Saudi Arabia Steps Away from, but Does Not Repudiate, Religious Extremism

March 25 2020

For its entire history, the Saudi state has been wedded to an austere and stringent form of Islam known as Wahhabism, and has used its wealth and influence to disseminate it among Muslim communities the world over. In doing so, Riyadh did much to abet the rise of radical Islam in the 20th century. The kingdom began to shift gears in 2003, after it became a victim of jihadist terror. But greater changes have come since the reforms of Crown Prince Mohammad bin Salman, which began in 2016. Ilan Berman writes:

Today . . . the Saudi government appears to be making a major effort to strike a more moderate religious tone globally. This is visible in the kingdom’s attempts at dialogue, with Saudi religious officials taking pains to engage other Muslim governments and movements that they had previously ignored or denigrated. It can also be seen in Saudi religious authorities’ official interfaith outreach, such as the recent delegation of imams, headed by the Muslim World League’s Secretary-General Mohammad al-Issa, that traveled to Auschwitz to commemorate the 75th anniversary of the liberation of the Nazi death camp by Allied forces at the end of World War II.

These overtures, however, do not constitute an outright repudiation of Wahhabism on the part of the House of Saud. Indeed, in his now-famous April 2018 interview with Jeffrey Goldberg of the Atlantic, the crown prince refused even to acknowledge the existence of this creed, let alone its role as a driver of the kingdom’s foreign policy in decades past. Similarly, Saudi academics and officials are uniformly defensive when discussing the country’s role in the promotion of extreme Islam abroad, describing the kingdom’s well-documented exportation of Wahhabism over the past several decades as a “misunderstanding” or a conspiracy theory cooked up by the country’s enemies, like Iran.

Given these circumstances, the Saudi government’s recent turn on religion falls short of a fundamental change of heart or ideological reorientation. It is, rather, best understood as what scholars have termed a “course correction”—one designed, above all, to show the world a kinder, more inclusive side of the regime. Yet, whatever its limitations, this shift is nonetheless exerting a pronounced influence on the country’s domestic counterterrorism efforts.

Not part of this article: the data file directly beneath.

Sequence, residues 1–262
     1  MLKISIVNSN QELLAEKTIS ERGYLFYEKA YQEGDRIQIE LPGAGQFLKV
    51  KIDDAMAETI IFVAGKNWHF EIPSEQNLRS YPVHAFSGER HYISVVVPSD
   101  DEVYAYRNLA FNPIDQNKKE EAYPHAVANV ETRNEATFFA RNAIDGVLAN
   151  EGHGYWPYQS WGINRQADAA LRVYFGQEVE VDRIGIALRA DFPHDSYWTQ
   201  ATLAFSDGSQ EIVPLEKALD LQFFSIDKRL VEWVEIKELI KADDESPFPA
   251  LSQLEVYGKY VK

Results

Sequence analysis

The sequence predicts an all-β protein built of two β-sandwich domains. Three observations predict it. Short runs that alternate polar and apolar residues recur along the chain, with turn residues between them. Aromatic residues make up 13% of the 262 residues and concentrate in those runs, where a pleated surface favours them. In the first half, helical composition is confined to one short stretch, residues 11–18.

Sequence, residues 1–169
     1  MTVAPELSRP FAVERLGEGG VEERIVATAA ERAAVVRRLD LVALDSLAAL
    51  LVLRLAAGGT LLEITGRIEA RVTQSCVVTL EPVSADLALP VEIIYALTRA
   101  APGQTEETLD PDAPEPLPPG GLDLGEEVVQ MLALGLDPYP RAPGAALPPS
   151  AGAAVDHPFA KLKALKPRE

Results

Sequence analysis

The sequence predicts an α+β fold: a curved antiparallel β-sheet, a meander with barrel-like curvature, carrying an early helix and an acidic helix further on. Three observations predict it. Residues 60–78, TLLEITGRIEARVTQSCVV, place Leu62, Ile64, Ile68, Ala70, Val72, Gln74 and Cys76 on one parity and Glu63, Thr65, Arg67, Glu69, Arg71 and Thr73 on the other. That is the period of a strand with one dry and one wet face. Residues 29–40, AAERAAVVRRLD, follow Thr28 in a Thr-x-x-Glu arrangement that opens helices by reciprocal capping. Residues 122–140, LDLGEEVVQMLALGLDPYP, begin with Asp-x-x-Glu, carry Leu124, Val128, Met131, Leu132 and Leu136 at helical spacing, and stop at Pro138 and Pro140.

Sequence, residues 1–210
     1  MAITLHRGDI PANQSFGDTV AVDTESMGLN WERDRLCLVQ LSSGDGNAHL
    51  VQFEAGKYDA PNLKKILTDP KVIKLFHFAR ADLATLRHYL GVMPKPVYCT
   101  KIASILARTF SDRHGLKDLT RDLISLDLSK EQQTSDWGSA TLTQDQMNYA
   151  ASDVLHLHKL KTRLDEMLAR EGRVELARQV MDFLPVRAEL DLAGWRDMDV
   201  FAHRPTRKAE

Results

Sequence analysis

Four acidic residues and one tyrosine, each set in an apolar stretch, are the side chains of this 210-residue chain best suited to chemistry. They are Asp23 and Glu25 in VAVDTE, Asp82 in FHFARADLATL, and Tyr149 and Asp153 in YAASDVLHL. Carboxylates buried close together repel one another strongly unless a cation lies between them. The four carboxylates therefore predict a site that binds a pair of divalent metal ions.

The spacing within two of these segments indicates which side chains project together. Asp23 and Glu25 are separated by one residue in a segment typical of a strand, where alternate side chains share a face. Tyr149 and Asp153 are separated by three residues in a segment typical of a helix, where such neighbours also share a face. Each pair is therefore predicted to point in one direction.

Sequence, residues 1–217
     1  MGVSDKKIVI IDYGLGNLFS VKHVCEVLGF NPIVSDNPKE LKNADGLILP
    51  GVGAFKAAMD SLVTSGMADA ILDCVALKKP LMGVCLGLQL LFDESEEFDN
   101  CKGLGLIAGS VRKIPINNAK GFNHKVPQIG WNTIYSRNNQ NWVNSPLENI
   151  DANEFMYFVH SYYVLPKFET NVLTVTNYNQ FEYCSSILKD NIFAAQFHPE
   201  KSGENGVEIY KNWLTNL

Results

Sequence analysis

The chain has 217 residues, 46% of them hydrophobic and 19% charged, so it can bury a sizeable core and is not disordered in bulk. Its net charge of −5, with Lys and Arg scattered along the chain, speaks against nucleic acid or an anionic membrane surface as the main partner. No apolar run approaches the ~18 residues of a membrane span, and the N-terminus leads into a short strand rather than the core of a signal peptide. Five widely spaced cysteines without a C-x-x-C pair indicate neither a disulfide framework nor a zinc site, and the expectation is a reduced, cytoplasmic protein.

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Read more at Center for Global Policy

More about: Mohammad bin Salman, Radical Islam, Saudi Arabia, Wahhabism, War on Terror

 

The Attempted Murder of Salman Rushdie Should Render the New Iran Deal Dead in the Water

Aug. 15 2022

On Friday, the Indian-born, Anglo-American novelist Salman Rushdie was repeatedly stabbed and severely wounded while giving a public lecture in western New York. Reports have since emerged—although as yet unverified—that the would-be assassin had been in contact with agents of Iran, whose supreme leaders have repeatedly called on Muslims to murder Rushdie. Meanwhile U.S. and European diplomats are trying to restore the 2015 nuclear agreement with Tehran. Stephen Daisley comments:

Salman Rushdie’s would-be assassin might have been a lone wolf. He might have had no contact with military or intelligence figures. He might never even have set foot in Tehran. But be in no doubt: he acted, in effect, as an agent of the Islamic Republic of Iran. Under the terms of the fatwa issued by Ayatollah Khomeini in February 1989, Rushdie “and all those involved in [his novel The Satanic Verses’s] publication who were aware of its content, are sentenced to death.” Khomeini urged “brave Muslims to kill them quickly wherever they find them so that no one ever again would dare to insult the sanctities of Muslims,” adding: “anyone killed while trying to execute Rushdie would, God willing, be a martyr.”

An American citizen has been the victim of an attempted assassination on American soil by, it appears, another American after decades of the Iranian supreme leader agitating for his murder. No country that is serious about its national security, to say nothing of its national self-worth, can pretend this is some everyday stabbing with no broader political implications.

Those implications relate not only to the attack on Rushdie. . . . In July, a man armed with an AK-47 was arrested outside the Brooklyn home of Masih Alinejad, an Iranian dissident who was also the intended target of an abduction plot last year orchestrated by an Iranian intelligence agent. The cumulative weight of these outrages should render the new Iran deal dead in the water.

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Read more at Spectator

More about: Freedom of Speech, Iran, U.S. Foreign policy